Journalists and audience must jointly fight for a better media says multiethnic media campaign
Misinformation damages quality of life.
This was just one key joint message of a media literacy campaign spearheaded by Kosovo-Albanian and Kosovo-Serbian journalists who came together to amplify the messages.
Over the past five months the Centre for Communities’ Development and KoSSev portal, supported by UNMIK, created and shared 18 short bilingual video messages calling on the media sector to better serve the public interest and build trust among communities in Kosovo.
As part of the campaign, short two-day courses on the ethics of journalism and media literacy were prepared for Albanian- and Serbian-language journalism students.
“To change the bad image of journalists, we need hard work more than we need courage. Those who do their job with love and clear conscience, do not see it as a proof of courage, but as their duty,” said BIRN Serbia journalist Aleksandar Djordjevic, who was one of the trainers and designers of the media literacy curriculum for 25 multiethnic journalism students.
In total, journalists and editors of 12 different media outlets participated in the campaign. They collectively called for integrity, responsibility and diligence in reporting, but also demanded respect from institutions and political representatives, as part of the OpisMEDIJavanje (‘learning about media literacy’) campaign.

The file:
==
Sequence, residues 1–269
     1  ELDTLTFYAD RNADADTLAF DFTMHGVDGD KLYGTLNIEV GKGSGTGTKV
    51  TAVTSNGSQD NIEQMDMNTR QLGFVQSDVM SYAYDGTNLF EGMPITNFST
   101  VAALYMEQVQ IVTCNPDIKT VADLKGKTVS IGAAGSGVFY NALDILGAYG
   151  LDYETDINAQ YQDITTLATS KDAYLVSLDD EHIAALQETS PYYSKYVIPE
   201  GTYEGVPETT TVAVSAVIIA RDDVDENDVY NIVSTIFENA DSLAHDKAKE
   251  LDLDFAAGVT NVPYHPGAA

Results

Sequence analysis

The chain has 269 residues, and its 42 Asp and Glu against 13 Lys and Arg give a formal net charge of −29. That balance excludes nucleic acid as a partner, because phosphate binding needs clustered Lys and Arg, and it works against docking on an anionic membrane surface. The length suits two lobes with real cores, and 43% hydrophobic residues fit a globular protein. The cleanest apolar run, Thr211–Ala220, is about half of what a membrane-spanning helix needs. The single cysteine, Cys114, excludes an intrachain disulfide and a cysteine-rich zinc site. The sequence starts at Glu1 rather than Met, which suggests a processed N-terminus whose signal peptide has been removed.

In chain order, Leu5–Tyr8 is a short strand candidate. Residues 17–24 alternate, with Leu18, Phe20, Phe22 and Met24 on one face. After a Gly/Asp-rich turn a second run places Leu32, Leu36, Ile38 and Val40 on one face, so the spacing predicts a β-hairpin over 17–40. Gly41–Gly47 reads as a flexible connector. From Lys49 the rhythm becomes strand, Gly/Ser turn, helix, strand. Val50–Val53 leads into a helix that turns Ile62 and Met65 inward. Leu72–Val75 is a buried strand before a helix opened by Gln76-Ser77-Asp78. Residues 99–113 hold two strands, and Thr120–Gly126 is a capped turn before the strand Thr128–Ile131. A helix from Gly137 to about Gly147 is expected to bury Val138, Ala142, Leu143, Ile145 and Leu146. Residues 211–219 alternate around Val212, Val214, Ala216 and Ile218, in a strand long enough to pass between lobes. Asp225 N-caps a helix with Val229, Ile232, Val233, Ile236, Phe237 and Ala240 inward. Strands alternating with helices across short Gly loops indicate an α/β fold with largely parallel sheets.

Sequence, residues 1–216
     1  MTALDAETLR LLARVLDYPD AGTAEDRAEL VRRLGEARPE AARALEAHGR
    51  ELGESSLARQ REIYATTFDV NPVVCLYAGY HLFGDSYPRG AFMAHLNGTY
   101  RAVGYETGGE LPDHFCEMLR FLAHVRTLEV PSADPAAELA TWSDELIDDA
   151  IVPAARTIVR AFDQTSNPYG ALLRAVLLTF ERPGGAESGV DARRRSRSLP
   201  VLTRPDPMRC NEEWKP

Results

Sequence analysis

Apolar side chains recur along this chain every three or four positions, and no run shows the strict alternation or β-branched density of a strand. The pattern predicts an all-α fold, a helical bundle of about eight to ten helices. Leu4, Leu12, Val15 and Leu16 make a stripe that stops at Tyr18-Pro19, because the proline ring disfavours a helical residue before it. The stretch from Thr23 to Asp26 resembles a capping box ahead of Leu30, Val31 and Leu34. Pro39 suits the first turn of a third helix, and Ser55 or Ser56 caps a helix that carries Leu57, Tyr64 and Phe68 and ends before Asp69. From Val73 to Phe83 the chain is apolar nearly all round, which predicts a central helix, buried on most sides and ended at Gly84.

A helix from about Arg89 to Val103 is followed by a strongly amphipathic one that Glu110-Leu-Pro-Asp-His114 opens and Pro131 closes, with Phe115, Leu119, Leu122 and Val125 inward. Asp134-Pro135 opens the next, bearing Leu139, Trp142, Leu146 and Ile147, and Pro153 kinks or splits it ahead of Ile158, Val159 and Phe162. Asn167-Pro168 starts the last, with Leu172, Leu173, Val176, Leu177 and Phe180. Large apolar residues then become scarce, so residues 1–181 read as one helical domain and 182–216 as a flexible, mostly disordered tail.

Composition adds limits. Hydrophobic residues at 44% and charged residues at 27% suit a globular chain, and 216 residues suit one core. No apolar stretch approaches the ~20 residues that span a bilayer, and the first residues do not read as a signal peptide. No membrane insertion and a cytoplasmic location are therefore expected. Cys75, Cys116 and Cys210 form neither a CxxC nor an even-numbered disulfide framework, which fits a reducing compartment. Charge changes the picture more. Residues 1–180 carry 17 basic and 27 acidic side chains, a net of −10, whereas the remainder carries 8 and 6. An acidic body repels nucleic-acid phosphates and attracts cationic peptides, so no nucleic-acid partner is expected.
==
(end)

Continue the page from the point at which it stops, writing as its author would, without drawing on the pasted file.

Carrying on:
In journalism, building trust takes time, but can be lost overnight
The media sector faces a growing threat from social media networks, where indiscriminate information is shared faster now than ever before - damaging the reputation of journalism in the process.
Former BBC correspondent and Independent Media Commission (IMC) member Violeta Hyseni Kelmendi, who also designed the training curriculum alongside Djordjevic, encouraged members of the public to report any violations of the Commission’s Code of Ethics to the IMC.
She said while there was an onus on journalists to fight disinformation and political messaging, media consumers could also join the fight by learning how to recognise bad journalism.
“If a media outlet disrupts the privacy of a citizen or goes against other points of the Code of Ethics, including publishing fake news, the use of hate speech or inappropriate language, citizens should react and file a complaint with the competent bodies,” she said.
Due to the pandemic of SARS-CoV-2, two trainings on media literacy – one in Albanian and one in Serbian - were organized via the online platform Zoom. Topics discussed included the regulatory framework governing media, regulation – and lack of regulation – of the media, the role of the journalists’ associations and how to identify and fight against fake news.
The 12 outlets who participated in the video campaign include: FoNet, Insajder, Radio Gorazdevac, Raskrikavanje, Gracanica Online, BIRN Kosovo, Crno beli svet, WDR, Center for Investigative Journalism of Serbia, Klan Kosova, N1, BIRN Serbia, RTK Plus, Independent Media Commission in Kosovo and KoSSev